The Battalion. (College Station, Tex.) 1893-current, September 21, 1940, Image 3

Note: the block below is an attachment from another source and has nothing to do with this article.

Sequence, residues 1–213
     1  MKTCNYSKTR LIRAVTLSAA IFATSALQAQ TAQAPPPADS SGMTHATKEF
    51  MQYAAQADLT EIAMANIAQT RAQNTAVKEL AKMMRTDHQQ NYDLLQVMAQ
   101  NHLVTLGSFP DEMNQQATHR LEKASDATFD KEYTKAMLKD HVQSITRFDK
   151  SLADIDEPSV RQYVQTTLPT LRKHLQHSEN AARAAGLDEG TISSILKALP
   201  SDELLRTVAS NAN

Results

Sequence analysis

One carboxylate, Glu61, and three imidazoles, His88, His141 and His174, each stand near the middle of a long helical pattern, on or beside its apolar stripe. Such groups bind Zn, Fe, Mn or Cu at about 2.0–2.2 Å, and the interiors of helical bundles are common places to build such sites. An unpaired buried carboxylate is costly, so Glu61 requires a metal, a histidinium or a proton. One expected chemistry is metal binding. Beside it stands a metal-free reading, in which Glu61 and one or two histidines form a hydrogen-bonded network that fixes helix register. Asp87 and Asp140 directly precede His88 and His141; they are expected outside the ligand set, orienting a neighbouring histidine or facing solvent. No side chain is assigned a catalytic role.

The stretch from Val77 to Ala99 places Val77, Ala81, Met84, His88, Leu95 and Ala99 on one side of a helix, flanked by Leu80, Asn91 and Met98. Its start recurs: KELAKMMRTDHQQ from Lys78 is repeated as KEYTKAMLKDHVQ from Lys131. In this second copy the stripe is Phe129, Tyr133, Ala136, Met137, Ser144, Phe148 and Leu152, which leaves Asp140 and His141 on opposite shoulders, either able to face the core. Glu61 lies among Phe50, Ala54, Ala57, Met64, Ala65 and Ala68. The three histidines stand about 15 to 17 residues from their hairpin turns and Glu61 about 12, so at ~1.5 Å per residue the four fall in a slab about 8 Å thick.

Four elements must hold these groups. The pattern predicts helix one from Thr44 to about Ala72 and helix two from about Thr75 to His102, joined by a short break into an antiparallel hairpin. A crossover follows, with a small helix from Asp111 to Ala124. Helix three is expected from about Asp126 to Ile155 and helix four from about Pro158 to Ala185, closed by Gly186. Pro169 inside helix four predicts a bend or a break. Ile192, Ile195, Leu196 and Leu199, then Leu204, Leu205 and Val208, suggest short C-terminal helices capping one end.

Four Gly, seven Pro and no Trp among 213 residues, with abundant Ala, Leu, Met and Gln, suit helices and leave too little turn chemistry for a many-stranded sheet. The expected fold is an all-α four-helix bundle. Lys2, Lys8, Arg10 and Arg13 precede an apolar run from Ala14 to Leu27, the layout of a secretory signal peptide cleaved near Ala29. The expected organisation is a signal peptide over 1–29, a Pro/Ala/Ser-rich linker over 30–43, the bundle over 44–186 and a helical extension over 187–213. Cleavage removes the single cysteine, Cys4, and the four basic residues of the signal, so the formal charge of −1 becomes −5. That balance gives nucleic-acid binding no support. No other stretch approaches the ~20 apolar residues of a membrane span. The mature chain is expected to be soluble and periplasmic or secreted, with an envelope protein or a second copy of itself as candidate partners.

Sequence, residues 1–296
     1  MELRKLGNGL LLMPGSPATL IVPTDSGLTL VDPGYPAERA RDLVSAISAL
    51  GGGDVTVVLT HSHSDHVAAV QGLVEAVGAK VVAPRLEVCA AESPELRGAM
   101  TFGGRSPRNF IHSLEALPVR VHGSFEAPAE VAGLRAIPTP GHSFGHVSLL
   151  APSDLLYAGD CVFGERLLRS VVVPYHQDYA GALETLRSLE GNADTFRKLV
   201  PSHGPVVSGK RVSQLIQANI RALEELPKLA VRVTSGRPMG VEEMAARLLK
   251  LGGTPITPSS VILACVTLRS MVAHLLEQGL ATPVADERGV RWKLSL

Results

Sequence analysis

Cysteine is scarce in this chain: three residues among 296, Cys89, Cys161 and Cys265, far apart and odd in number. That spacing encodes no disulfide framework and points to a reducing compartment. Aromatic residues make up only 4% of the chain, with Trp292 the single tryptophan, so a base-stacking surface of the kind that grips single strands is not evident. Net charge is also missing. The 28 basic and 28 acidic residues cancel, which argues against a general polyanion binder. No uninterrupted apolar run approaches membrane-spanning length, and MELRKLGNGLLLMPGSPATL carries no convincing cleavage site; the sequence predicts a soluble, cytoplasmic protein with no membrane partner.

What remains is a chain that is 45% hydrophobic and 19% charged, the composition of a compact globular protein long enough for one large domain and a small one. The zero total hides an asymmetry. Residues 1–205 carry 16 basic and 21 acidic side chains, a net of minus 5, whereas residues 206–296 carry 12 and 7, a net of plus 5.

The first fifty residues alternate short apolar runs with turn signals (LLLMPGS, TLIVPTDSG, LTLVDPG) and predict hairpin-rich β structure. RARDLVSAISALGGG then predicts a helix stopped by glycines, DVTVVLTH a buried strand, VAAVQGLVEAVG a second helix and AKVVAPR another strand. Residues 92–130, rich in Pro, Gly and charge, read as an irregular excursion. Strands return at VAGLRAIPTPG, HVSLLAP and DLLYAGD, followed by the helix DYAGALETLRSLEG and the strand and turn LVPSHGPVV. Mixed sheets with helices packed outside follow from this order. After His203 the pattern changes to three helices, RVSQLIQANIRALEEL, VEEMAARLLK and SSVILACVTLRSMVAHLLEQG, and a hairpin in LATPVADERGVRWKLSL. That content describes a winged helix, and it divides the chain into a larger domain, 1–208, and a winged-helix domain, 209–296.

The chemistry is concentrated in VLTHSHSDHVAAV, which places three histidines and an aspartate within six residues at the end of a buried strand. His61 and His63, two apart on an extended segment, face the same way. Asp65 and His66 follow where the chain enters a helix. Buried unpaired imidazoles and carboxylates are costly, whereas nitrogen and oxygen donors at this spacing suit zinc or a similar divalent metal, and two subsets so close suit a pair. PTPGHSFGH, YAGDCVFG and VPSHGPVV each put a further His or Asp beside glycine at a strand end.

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Freshman Team Faces l Big Job Replacing Grads Charlie DeWare spent most of his time this past week lining up the freshman football players who registered Wednesday and who have already reported to Coach Hub McQuillan and histwo assist ants, Charlie and Dr. Virgil Jones. Nine men from the starting Ag gie varsity will be graduated in June 1941 and many of the reserv es on the varsity will follow the same route. This will leave many places on next year’s varsity to be filled from this present group of freshmen and they make a wel comed sight to Coach Homer Nor ton. Such boys as John Kimbrough, Ernie Pannell, Marshall Robnett, James Thomason, Tommie Vaughn, Marion Pugh and Marland Jeffrey will have to be replaced. From this freshman team there are many backs and linemen who scale better than 200 pounds and stand well over six feet tall. The freshman backs include: Wil liam Andrews, Amarillo; William Barry, El Paso; Earl Bemus, Hous ton; Tom Carlile, Temple; Warren Clifton, Sulphur Springs; Harvey Crittenden, Forney; Leo Daniels, Bryan; Richard DeArment, Besse mer, Po.; Eugene Ellwood, Lock hart; Ronald Featherstone, Hous ton. Ellis Hollis, Fort Worth; Landon Irwin, Dallas; Robert Jackson, Houston; Duane Martin, Donna; Bert Richey, Dallas; Lincoln Ro man, Houston; Warren Simpson, Hugo, Okla.; James Skelton, Hous ton; David Terry, Greenville; Rob ert Utley, Belton; Daniel Webb, Sinton; Robert Williams, Eldorado and Willard Woolverton, El Paso. The linemen are: Albert Aikman, Fort Worth; Britton Bell, Houston; William Boles, Forney; Truman Cox, Donna; W. J. Davis, Crane; Jamie Dawson, Crockett; Charles Edmondson, Mineral Wells; Wil- ■fliam Gillilland, Raymondville; Ber ry Hickman, Dallas; Burgess Hick man, Cleburne; Richard Hill, Ama rillo; William Hodge, Somerville; Gordon Hurd, Brady; Ben John son, Perryton; W. R. Johnson, Sweetwater. Victor Kaspar, Houston; Dan Luethy, Monahans; Marshall Ma- gers, Gainesville; A. J. Mercer, Temple; James Montgomery, Mo ran; Glen Newton, Sinton; Darrel Pedigo, McGregor; Wilbur Pet- sick, Gustine; Floyd Puckett, Big Lake; David Schmidt, Gregory; Ma rion Slaughter, Houston; John Stout, Handley; John Swain, Tem ple; Shelton Wagner, Yoakum; Earl Whitworth, Bastrop.; and Rus sel Wilkins, Odessa. These Aggie freshmen will play three games this season in addi tion to scrimmaging the varsity regularly. Their first fray will be against Allen Academy in Bryan October 14 under the lights. The other two games will be against the Rice Institute freshmen at Col- legt Station and the University of Texas freshmen at Austin. University of Texas scholastic figures show that high school stu dents in the top 25 per cent of their class passed 88 per cent of their freshman work while groups in the lowest 25 per cent of their high school work passed only 32 per cent of their beginning courses at the University. Chances for employment prom ise to be better next spring than they have been since 1930, for men and women ready for training for better positions, according to a recent survey by Dr. A. H. Edger- ton of the University of Wiscon sin. A man with a hoe is still the best weed-killing machine. WELCOME AGGIES For Quality Foods at Reasonable Prices We Are Ready to Serve and Cooperate With You. DELUXE CAFE The Meeting Place for Aggies BRYAN SLACKS Cleaned & Pressed 150 SUIT Cleaned & Pressed 300 CASH and CARRY SEE US FOR YOUR UNIFORMS LAUTERSTEIN North Gate Hi - Aggies WE’RE GLAD TO SEE YOU BACK When you unpack your trunks, get all of your old books, Sam Browne Belts, Slacks and Blouses and bring them to .. LOUPOT’S TRADING POST We will give you more money for items than you would ever believe . . . Loupots Trading Post North Gate Tickets To Tulsa Game On Sale At Athletic Office Local followers of the Texas Ag gie football team who intend to fol low the team to San Antonio to see the Cadets in action against Tulsa University, Saturday Oct. 5, are advised to get their tickets now from E. W. Hooker at the Texas A. & M. College athletic of fice at Kyle Field without delay. Hooker announced that all un sold tickets in the Aggie section will be returned to San Antonio on Sunday, Sept. 29 and that they will then be offered to the general pub lic. He said that he has several desirable seats left but that they are moving fast since the students returned to the college. The price for the Aggie—Golden Hurrican game will be $2.20 tax included. He also announced that students desiring to purchase tickets should get them at the Y. M. C. A. and not at the Athletic Office. No stu dent tickets for the game will be sold elsewhere than at the Y. M. C. A., he explained. These will be on sale Monday through Friday only. He also advised the fans and students to get their tickets for the opening game with Texas A. & I. on Saturday, Sept. 28 if they want the more desirable seats. There are plenty of tickets left but he says that the turnout is ex pected to be the largest the Aggies ever played before in a home open er. Price for this game will be $1.10, tax included and the tickets will be on sale at the same places as for the Tulsa game—Faculty and general public at the Athletic Office and students at the Y. M. C. A. Tickets for the U. C. L. A. game at Los Angeles, Calif., are also on sale at the Athletic Office and cost $2.20 tax included. Three Grid Stars In TCU Spotlight During First Drills Three boys have grabbed the spotlight in early grid sessions at Texas Christian University—two sophomores and one senior. The senior is Connie Sparks, one time fullback and leading confer ence scorer in 1938, now an end. Connie has been snagging passes all over the place in early scrim mage sessions, and going place with the ball after he got posses sion. Derrell Palmer, 230-pound soph tackle from Albany, has Line Coach Mike Brumbelow using his best superlatives. “The boy is big and strong and fast and smart. What more can a coach ask of a tackle?” Mike demands. The third student trio is little Dean Bagley, 155-pound soph from San Saba. Bagley runs like a scar ed rabbit and the results bring cheers from the coaching staff, the railbirds and even the players on the sidelines. The first-string eleven is shap ing up largely as Coach Dutch Meyer predicted before workouts began. Connie Sparks and Phil Roach are at the end posts. Woodrow Adams and Palmer supply about 450 pounds of tackle ability. Bill Crawford and Ennis Kerlee at guards are being hard pushed by Ray Standley and Bobby Sherrod. Capt. Lefty Alexander is the No. 1 center. Kyle Gillespie, sparkplug of ’39, and little Bagley are alternating at quarter. Nolan Sparks and Bill Ramsey form one combination of halfbacks, with Gus Bierman and Logan Ware not far behind. Frank (“King Kong”) Kringe gets the call at fullback. This gives a team average of something like 201 pounds, the line measuring up to around 207 pounds and the backfield 189. The Horned Frogs play their first two games at home, meeting Centenary here Sept. 28, then Ark ansas Oct. 5. Their first road trip takes them to Chapel Hill, N. C. where they play Coach Raymond Wolfe’s Tarheels Oct. 12. In the history of the Dutch col- only of New Amsterdam, there is mention of a yacht or a boat built for pleasure boating named the Ondust (Restless), which is claimed to be the first decked vessel built in America. While the Ondust was spoken of as a yacht, there are no authentic data relating to other yachts before the beginning of the Nineteenth century, when a 20 foot sailboat for pleasure cruising was built for John C. Stevens prior to 1809, and named the Diver. In 1816 Stevens built a perigua nam ed the Trouble and his name is one intimately connected with the de velopment of yachting in America. —rl 1 BATTALION S(ft Saturday, September 21 Page 3 TEXAS AGGIE FOOTBALL 1940 HEAD COACH, Homer Norton (Birmingham-Southern 1916) ASSISTANT COACHES J. W. (Dough) Rollins (Texas A. & M. T7) Marty Karow (Ohio State ’27) W. N. (Bill) James (Centre ’21) H. R. McQuillan (N. Dak. State T6) Charles DeWare (Texas A. & M. ’37) Dr. Virgil Jones (Texas A. & M. ’38) Manning Smith (Centenary ’34) Hai'ry Faulkner (Okla. Teachers T6) Lil Dimmitt (Southwestern) No. Name Home Town Pos. Wt. 53 Abbott, John Corpus Christi B 185 26 Bando, Woodrow (Butch) Beaumont B 160 Blessing, William (Bill) Dallas ' E 190 37 Brewer (Jim) Bryan T 200 36 Browder, Harris (Mac) Groesbeck G 210 68 Bucek, Felix Schulenburg G 186 44 Bucek, Roy Schulenberg G 195 57 Buchanan, William (Buck) Weatherford E 177 49 Conatser, William (Bill) Denison B 175 69 Cowley, Harold Freer E 185 56 Dawson (Big Dog) Crockett E 225 Drake, Kyle (Duck) Laredo B 175 34 Force, Henry (Bud) Orange B 175 Gerner, William (Bill) Dallas T 190 62 Hauser, Henry (Bear Tracks) Kerrville T 212 55 Henderson, Bill (Jitterbug) Houston E 195 38 Henke, Charles (Charlie) Kerrville G 207 35 Henry, Pete Lake Charles, La. G 202 59 Herman, Odell (Butch) Abilene C 190 28 Jeffrey, Marland (Jeff) Port Arthur B 185 64 Joeris, Leonard Abilene T 225 40 Kimbrough, Jack Haskell E 200 39 Kimbrough, John (Jarrin’ Jawn) Haskell B 220 52 Knight, Jimmie LaGrange E 180 Mansfield, Robert (Bob) San Angelo B 195 42 Moser, Derace (Mose) Stephen ville B 180 66 Motley, Zolus Abilene G 210 72 Mulhollan, Ray (Mullins) Belton G 185 54 Pannell, Ernest (Ernie) Waco T 215 30 Pugh, Marion (Dookie) Fort Worth B 189 50 Rahn, Leon Dayton G 195 73 Rankin, Sam Brenham C 195 24 Reeves, John (Bubba) San Antonio G 173 27 Richardson, Lester (Les) Houston G 205 43 Robnett, Marshall Foch (Foxey) Klondike G 205 45 Rothe, Joe (Grandpa) Hondo B 180 58 Routt, Chip Chapel Hill T 205 65 Ruby, Martin Waco T 210 74 Shelton, Howard Hillsboro C 185 33 Sibley, William (Bill) Abilene C 175 29 Simmons, Elvis (Boots) Somerville E 204 32 Smith, Earl (Bama) Frisco City, Ala. B 175 25 Spivey, Marshall Lufkin B 175 67 Sterling, James (Jim) Panhandle E 190 78 Teubner, H. C. Dallas E 200 47 Thomason, James (Tommie) Brownwood B 200. 77 Thompson, Freeman (Nubby) Texarkana G 185 60 Vaughn, Tommie Brownwood C 186 48 Webster, Jackson (Jake) Sweetwater B 192 63 Wesson, Euel (Poppa) Temple T 230 70 Williams, George (Pinkie) Eldorado B 190 75 Williams, Maurice, (Cotton) Marlin E 192 76 Wilson, Jamie Belton E 183 46 Zapalac, Willie Bellville B 203 Passing Attack Worries Moriey Jenning’s Bruins Passing play is giving Coach Moriey Jennings plenty of trouble these days as the Baylor gridders begin to bear down in daily scrim mage drills in preparation for their opening game with North Texas State Teachers College in Waco September 28. The ground game has been well above par in the early workouts; but the Bears just can’t seem to get the hang of their passing chores and a good overhead attack is one thing that the Bruin mentor has to have this year if the Baylor eleven is going to figure in the conference grid chase. Jennings has six boys tossing the pigskin around in every drill, but none of them have been able to keep the passing plays working. Jack Wilson, Jimmy Witt, Dwight Parks, Bill Coleman, Homer Pitt man and Travis Nelson have all been working overtime in this de partment of play to try and bolster .the passing game, but right now it looks like the Baylor coach may have to send out and S. O. S. for a dependable chunker. The rest of the Bruin play is coming along as well as Jennings expected and the Bears should have just as good defensive tactics as they had last year. Line play has been a feature of every scrim mage and indications are now that the Baptist eleven will be well for tified at every place in the forward wall. Jack Russell, big sophomore end from Cleburne has come along fast in the drills, and seems set to open up at one end post with Jack Lumus and Wilson Lucas, both let- termen, waging a tight battle for the other place. Reserve help will come from George Koch and Ed Hickman. Tackle play caused the Baylor coach some worry at the start of the training period but all of the difficulties seem to be straightened out now and Jack Anderson, Rex Gandy, Bubo Barnett, Bernice Fitz gerald and W. B. Godbold will all see plenty of play at these posi tions. Three lettermen give the Bears planty of power at the guard slots, but Lewis Self, back from last year, has moved up rapidly after being changed back to his old post and should be in the starting lineup when the Bears start their ten game schedule. Pat Mickler, Don Haley and Jack Willis, lettermen will alternate back and forth at the two posts. Robert Nelson, Baylor All-Amer ica candidate, has the center post well taken care of with relief work coming from Buddy Gatewood and Jim Callam. It’s Time ... ... to go and get our in-between-class “Snack.” MEET THE GANG at AGGIELAND GROCERY Campus S.M.U. Picked By Sports Writers As Southwest Conference Winners The Southern Methodist tangs have been awarded the job of beating out the Texas Aggies for the 1940 Southwest Conference grid championship and the uphold ing of the old tradition that “Cham pions don’t repeat.” That is the consensus of more than two hundred Southwest news paper sports writers and radio sports commentators, in a survey made by J. Willard Ridings, pub licity director at Texas Christian r University. The Mustangs were picked as the probable championship winner by the narrowest margins, beating out the Aggies as pre-season favorites by only 8 per cent of the total points. S. M. U. received 108 votes for first place and the Aggies 69. Forty-eight second-place votes went to the Methodists and 90 to the 1939 champions. The Mustangs received scattered votes all the way down to last place, while no one placed the Farmers lower than fifth. Baylor came up third in the pre dictions, with Texas in the fourth spot, only a few points behind. Both the Bears and the Longhorns were picked for every position, from top to bottom. “In fact, there are'five teams that, before any games are played, look to be in the running,” one man commented. “These five belong in two groups. S. M. U. and A. & M. have a de cided edge over the field. Baylor, Texas and T. C. U. are all high- ranking dark horses. Arkansas and Rice don’t figure to finish in the money.” T. C. U., picker for fifth place in the season’s standings, received votes for every position but the Mus-f-top. Arkansas, placed sixth, got no vote higher than fourth place. The Rice Owls, placed last, were named sixth or seventh by most of the men polled. Several sports editors volunteer ed the comment that whoever the champion of ’40 may turn out to be, there will be no undefeated teams. “It will be a cut-throat season,” (Continued on page 6) Mow £<?t m/ asstenment Vi This New Book Makes Life Easy For You ... Read "Blow to Choose a Slide Rule” IT’S HUMOROUS . . IT’S HELPFUL. . IT’S FREE by DON HEDOLD Don Herold takes the mystery out of Slide Rules with this helpful new book. He tells you, in the twinkling of an eye, how to decide on the kind of rule that will do the most for you. 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